The Canadian Start-Up Visa Program is a pilot program aimed at encouraging entrepreneurs from overseas to set up their new venture in Canada. It will take up to 2,750 applicants a year and successful candidates will link with the private sector in Canada where they can access financial help and expertise in starting a business in the country.

Eligibility and Investment Requirements

The purpose of the scheme is to build the economy of Canada by making it worthwhile for foreigners to begin start-ups in Canada. There are some eligibility requirements which include the following:
– Candidates must be proficient in English or French to a required standard
– Must prove they have the funds to settle in Canada
– The scheme applies to all of Canada apart from the Province of Quebec
– The candidate must meet Canadian security and medical requirements
– The business must be supported through a designated organization and legal ownership requirements must be proven.
As the running of a business will necessarily mean the applicant taking up permanent residence in Canada, the government has restricted the number of residence applicants to five per start-up.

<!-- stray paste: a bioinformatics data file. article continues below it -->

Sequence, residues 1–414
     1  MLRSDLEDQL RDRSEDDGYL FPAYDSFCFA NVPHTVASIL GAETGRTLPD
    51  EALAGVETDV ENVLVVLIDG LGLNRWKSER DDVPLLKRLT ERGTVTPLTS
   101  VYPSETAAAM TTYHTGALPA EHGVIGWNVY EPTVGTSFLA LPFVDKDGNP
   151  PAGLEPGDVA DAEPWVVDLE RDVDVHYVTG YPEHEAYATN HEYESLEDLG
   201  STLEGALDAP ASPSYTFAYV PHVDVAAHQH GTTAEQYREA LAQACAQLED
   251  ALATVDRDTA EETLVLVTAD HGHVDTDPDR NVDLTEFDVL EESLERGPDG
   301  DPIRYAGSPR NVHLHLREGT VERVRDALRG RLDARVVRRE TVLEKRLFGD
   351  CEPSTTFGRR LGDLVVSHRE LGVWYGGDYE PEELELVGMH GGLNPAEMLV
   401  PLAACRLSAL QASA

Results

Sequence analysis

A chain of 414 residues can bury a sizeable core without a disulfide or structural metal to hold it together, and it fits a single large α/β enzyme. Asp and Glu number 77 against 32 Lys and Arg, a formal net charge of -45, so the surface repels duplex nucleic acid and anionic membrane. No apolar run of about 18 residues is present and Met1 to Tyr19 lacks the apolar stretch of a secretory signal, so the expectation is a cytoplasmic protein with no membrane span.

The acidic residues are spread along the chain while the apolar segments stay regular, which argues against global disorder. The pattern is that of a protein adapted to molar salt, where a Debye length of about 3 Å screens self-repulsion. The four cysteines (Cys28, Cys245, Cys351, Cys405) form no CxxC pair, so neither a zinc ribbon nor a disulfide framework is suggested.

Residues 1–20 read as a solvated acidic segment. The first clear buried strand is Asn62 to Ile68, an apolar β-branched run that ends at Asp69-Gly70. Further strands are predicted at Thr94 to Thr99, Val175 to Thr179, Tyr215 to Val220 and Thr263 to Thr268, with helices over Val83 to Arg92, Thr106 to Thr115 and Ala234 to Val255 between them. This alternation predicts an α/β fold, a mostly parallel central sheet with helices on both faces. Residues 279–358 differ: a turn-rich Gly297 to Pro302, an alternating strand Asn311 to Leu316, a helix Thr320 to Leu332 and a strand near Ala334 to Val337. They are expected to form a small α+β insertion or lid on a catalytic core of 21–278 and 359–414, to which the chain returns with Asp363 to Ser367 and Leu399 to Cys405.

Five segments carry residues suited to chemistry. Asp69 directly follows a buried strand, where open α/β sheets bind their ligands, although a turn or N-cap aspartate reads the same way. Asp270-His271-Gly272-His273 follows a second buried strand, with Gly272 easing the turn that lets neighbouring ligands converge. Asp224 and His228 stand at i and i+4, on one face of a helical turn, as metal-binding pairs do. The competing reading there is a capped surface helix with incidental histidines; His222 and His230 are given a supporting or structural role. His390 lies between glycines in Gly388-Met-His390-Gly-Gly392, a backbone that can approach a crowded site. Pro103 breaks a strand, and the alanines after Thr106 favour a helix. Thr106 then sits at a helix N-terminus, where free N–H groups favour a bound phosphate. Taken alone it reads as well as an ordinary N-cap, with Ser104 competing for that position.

A select group of investment companies, angel investors, and business incubation organizations has been designated by the Immigration, Refugees, and Citizens Canada (IRCC) to help businesses that take advantage of the scheme. There is a requirement for the start-up to secure a minimum investment from one of these sources to the tune of $75000 from an angel investor, to $200,000 from a venture capital lender. The applicant is not required to invest their own capital and, should the business fail, they will retain their permanent residence status.

Evidence of Commitment

The IRCC requires proof that the applicant is committed in the form of a letter of a Commitment Certificate, which details the agreement between the business owner and the investment organization. They will also require a letter of support from the investment organization to the applicant. There are conditions attached to these as they are taken as forms of legal proof. Usually, the acceptance of investment support is dependent upon the applicant – or if more than one, in the plural – being granted permanent residence. If such is refused the business agreement may be declared null and void. Note that applicants can receive support from more than one investment organization.

Peer Review

Applications to the Start-Up Visa Program may be subject to examination by a peer review board, as requested by an immigration officer. This is a protection against potential fraud. Put simply, the board is looking for evidence that due diligence has been performed in areas relating to the business such as incorporation in Canada, legal ownership verification, and that the designated lending organization has performed its own due diligence for granting the lending process. These are just a few areas the board may investigate.

At the time of writing the Start-Up Visa Program is set to run for five years as a pilot exercise, with 2,750 maximum recipients per year. Should it prove successful, it may become a permanent scheme.